Wise v. AllisAnnotate this Case
76 U.S. 737
U.S. Supreme Court
Wise v. Allis, 76 U.S. 9 Wall. 737 737 (1869)
Wise v. Allis
76 U.S. (9 Wall.) 737
ON CERTIFICATE OF DIVISION OF OPINION BETWEEN THE
JUDGES OF THE CIRCUIT COURT FOR THE DISTRICT OF WISCONSIN
1. In giving notice under the 15th section of the Patent Act of July 4th, 1836, of the names and places of residence of those by whom he intends to prove a previous use or knowledge of the thing, and where the same had been used, the party giving notice is not bound to be so specific as to relieve the other from all inquiry or effort to investigate the facts. If he fairly puts his adversary in the way that he may ascertain all that is necessary to his defense or answer, it is all that can be required, and he is not bound by his notice to impose an unnecessary and embarrassing restriction on his own right of producing proof of what he asserts.
2. Held therefore, in a suit for infringing a patent for balancing millstones, that when, in addition to the particular town or city in which such large objects as millstones are used, the name and residence of the witness by whom that use was to be proved was also given, there was sufficient precision and certainty in the notice.
The Patent Act of July 4, 1836, referring to suits for the infringement of patents, enacts by its 15th section that
"Whenever the defendant relies in his defense on the fact of a previous invention, knowledge, or use of the thing patented, he shall state in his notice of special matter the
names and places of residence of those whom he intends to prove to have possessed a prior knowledge of the thing, and where the same had been used."
This section being in force, Wise sued Allis in the court below for infringement of a patent for an improvement in balancing millstones. The defendant pleaded the general issue, and also gave notice that the invention claimed was well known and in general use before the patentee professed to have invented it, and he specified Utica, Rochester, Buffalo, Albany, New York City, and Brooklyn, in the State of New York, as the places where it had so been used, and gave the names of witnesses in each of those places by whom he expected to prove that fact, but he did not specify the mills in which the supposed prior use had been made.
On the trial, the judges of the circuit court differed in opinion as to whether the notice was sufficiently specific in its reference to the places where the prior use was had, and certified that difference to this Court in the shape of two questions, in substance, to-wit, this, whether the evidence of use, taken under that notice, was admissible. In form, the questions were:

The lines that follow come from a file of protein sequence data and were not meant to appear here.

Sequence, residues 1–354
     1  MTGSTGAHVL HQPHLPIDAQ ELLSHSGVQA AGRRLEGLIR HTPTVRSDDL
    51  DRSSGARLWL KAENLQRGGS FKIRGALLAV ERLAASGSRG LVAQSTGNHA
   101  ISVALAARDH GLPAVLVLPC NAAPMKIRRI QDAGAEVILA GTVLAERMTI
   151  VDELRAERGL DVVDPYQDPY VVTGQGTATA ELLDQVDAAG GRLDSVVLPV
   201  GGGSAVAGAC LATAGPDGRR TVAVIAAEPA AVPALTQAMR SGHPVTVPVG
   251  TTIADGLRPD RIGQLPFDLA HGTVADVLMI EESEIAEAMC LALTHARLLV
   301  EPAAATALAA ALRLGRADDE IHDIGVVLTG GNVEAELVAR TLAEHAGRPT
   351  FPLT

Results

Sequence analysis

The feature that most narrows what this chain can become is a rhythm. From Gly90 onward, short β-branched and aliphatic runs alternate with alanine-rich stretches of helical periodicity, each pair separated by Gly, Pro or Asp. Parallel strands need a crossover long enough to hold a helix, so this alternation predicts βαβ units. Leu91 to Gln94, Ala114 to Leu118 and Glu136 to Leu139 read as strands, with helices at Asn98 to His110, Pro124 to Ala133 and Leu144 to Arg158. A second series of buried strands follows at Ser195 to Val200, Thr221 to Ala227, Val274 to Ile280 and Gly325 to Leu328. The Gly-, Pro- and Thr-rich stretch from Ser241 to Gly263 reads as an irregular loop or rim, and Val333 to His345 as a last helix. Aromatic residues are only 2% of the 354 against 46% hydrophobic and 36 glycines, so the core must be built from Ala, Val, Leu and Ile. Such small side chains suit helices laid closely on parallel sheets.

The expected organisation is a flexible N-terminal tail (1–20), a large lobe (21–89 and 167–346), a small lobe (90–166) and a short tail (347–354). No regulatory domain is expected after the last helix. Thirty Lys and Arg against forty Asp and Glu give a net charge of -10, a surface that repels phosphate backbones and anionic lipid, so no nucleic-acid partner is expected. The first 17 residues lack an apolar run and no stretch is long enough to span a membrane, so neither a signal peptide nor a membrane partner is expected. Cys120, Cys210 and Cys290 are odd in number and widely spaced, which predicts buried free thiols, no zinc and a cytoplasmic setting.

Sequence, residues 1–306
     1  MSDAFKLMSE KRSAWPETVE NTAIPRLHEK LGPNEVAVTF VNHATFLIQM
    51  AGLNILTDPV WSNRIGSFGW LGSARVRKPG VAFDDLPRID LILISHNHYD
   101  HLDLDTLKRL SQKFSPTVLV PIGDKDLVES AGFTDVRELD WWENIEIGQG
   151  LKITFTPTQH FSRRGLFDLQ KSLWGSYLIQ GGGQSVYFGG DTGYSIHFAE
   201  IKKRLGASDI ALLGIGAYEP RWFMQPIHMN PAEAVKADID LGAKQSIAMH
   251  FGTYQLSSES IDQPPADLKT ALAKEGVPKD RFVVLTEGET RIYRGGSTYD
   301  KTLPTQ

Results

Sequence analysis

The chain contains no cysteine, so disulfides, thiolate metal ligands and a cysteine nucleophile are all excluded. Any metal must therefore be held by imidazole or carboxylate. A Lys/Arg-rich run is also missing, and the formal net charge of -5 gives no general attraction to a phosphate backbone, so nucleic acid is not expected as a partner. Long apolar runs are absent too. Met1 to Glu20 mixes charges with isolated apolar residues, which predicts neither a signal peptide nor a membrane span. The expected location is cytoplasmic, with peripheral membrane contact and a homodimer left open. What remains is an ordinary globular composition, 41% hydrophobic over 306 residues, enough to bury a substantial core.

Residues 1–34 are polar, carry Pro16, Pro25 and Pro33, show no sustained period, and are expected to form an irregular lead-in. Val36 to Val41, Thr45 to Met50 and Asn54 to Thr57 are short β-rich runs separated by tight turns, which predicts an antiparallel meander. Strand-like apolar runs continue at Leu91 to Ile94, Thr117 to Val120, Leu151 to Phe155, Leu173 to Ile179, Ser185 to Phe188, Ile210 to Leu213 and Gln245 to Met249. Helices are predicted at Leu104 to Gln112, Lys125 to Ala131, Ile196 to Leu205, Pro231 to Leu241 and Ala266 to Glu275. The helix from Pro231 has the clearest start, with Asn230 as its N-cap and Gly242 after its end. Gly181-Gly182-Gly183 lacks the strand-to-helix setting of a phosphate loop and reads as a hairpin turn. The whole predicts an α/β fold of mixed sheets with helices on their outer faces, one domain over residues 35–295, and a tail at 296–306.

1st. Is the defendant entitled, under his notice, to give evidence of the use of said invention or millstone balance by any person or persons prior to the alleged invention by the patentee thereof?
2d. Should evidence of such prior use of said invention or millstone balance be excluded on the ground that the notice aforesaid is defective and insufficient for the purpose of such evidence?
MR. JUSTICE MILLER delivered the opinion of the Court.
The degree of particularity or certainty necessary in pleas and notices is an ever-recurring question in judicial proceedings, and can never be effectually disposed of so long as new and varying circumstances may present the question in new aspects.
The object of the rule is undoubtedly to enable the other party to make such answer or response to the matter set up in the plea or notice, either by way of pleading or of evidence, or such cross-examination of the witness of the party setting up the plea or notice as the facts of his case may enable him to do. In other words, to apprise him fairly of what he may expect to meet under the plea or notice. [Footnote 1]
In the case before us, in addition to the common law rules, Congress has, for the protection of patentees, made an enactment on the subject. With the requirements of this statute the defendant has complied, so far as the names and
residence of the witnesses are concerned; but it is denied that he has been sufficiently specific as to the places where the use was to be shown. It is said that it is not sufficient to name the city, but that the particular mill in which the invention had been used must be pointed out. But we cannot take judicial notice how many or how few mills using stones may be in any particular locality. In some town there may be but one. Nor do we think that the party giving notice is bound to be so specific as to relieve the other from all inquiry or effort to investigate the facts. If he fairly puts his adversary in the way that he may ascertain all that is necessary to his defense or answer, it is all that can be required, and he is not bound by his notice to impose an unnecessary and embarrassing restriction on his own right of producing proof of what he asserts. We are all, therefore, of opinion that when, in addition to the particular town or city in which such large objects as millstones are used, the name and residence of the witness by whom that use is to be proved is also given, there is sufficient precision and certainty in the notice. [Footnote 2]
The questions propounded are accordingly answered: the first in the affirmative and the second in the negative.
Teese v. Huntingdon, 23 How. 10.
Phillips v. Page, 24 How. 164.